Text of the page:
Sexual Assault Victims No Longer Need to Fear Punishment for Treatment
April 5, 2013
By Paul D. Shinkman
U.S. news & World report
Receiving treatment for a sexual assault will no longer harangue the process for getting or keeping a security clearance, the U.S. government's top intelligence official said Friday.
All executive departments, including the CIA and the military, will not require those who have received mental health counseling for sexual assault to answer "yes" to Question 21 on the standard form for security clearances, the Office of the Director of National Intelligence James Clapper announced Friday morning. This question is designed to weed out recipients of counseling who might not be capable of protecting classified information.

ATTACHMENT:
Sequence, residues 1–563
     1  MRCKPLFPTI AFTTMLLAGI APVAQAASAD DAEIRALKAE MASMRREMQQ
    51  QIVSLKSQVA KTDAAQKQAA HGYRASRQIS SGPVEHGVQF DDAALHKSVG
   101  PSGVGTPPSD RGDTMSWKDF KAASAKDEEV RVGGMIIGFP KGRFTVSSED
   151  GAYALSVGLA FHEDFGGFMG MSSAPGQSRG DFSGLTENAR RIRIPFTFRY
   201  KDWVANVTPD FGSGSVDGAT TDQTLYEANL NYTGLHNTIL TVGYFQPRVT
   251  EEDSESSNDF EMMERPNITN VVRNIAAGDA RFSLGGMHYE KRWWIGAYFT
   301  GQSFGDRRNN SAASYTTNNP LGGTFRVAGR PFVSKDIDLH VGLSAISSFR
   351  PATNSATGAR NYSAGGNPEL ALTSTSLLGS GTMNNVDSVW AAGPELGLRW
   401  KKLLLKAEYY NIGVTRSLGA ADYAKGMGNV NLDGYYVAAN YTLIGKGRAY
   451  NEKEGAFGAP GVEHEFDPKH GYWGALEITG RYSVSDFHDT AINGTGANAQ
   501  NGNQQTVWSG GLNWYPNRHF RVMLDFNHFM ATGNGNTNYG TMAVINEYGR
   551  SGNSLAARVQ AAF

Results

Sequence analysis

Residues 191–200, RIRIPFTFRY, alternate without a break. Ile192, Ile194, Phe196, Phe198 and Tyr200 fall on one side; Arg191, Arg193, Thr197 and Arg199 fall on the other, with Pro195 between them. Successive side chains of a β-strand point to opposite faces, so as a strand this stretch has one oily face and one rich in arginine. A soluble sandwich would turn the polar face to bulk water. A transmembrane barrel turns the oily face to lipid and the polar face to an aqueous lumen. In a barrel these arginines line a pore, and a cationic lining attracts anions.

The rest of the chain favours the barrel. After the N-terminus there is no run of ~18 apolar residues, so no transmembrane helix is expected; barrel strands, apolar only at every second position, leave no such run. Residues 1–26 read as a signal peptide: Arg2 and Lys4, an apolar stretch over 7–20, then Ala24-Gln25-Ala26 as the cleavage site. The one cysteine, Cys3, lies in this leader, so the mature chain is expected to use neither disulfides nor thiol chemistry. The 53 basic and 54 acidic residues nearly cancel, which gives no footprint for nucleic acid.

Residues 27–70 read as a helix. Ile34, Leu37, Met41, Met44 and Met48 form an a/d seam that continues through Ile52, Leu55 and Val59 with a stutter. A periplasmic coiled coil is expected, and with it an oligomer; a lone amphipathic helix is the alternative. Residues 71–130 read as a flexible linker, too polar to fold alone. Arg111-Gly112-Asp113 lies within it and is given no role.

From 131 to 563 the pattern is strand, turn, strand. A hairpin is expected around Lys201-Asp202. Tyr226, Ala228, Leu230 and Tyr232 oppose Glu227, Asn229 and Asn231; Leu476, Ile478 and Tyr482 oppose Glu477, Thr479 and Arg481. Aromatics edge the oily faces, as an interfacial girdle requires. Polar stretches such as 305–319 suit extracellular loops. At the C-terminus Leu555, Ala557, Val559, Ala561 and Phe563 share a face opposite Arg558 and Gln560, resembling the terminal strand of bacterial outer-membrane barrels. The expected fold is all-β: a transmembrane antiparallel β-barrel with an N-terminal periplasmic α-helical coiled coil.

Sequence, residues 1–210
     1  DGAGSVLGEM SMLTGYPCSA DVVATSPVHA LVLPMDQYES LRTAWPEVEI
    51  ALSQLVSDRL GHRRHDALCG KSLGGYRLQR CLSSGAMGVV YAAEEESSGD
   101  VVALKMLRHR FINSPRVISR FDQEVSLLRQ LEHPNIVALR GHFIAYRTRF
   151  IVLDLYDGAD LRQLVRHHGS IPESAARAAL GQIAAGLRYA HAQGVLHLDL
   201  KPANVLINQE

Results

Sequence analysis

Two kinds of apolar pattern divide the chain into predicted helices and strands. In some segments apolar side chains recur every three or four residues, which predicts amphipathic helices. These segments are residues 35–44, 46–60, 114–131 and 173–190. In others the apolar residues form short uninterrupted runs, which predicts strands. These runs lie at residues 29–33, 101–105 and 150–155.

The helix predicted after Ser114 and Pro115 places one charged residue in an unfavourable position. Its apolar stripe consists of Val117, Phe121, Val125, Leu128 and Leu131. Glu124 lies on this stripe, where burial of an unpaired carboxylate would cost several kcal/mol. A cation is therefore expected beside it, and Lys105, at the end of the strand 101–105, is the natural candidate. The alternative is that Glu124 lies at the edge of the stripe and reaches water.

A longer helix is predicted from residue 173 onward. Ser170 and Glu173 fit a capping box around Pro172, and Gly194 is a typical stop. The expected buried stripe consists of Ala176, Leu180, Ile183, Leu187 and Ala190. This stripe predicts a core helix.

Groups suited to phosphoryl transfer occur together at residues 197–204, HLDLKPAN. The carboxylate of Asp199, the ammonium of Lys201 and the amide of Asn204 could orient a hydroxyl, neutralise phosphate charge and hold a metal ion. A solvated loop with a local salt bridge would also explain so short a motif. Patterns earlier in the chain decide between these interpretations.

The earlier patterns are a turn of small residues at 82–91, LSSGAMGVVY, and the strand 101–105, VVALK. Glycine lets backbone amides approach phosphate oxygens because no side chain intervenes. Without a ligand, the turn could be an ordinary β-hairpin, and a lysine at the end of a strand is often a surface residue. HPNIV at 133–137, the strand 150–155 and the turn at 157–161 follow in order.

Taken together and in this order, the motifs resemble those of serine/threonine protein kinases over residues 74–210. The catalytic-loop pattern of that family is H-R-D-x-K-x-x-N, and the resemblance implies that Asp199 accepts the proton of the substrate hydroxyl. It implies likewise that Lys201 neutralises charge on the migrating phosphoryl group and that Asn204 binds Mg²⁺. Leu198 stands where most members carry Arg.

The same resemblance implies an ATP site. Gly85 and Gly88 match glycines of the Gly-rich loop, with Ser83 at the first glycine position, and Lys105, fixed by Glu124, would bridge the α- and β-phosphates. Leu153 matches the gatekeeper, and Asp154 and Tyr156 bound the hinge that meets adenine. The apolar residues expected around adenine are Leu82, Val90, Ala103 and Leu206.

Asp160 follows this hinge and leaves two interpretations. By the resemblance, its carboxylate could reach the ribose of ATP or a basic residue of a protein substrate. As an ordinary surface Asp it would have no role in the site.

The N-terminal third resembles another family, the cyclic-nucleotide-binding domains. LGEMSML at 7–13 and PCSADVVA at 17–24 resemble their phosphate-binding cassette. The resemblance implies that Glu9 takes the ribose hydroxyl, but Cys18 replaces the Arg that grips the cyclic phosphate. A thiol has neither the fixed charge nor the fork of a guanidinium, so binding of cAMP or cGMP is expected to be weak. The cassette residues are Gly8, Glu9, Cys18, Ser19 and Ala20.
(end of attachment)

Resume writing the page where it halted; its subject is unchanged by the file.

Treatment for sexual assault now joins other counseling that does not preclude an applicant from passing the "Questionnaire for National Security Positions," such as for family, grief or marital counseling, or stress from combat service.
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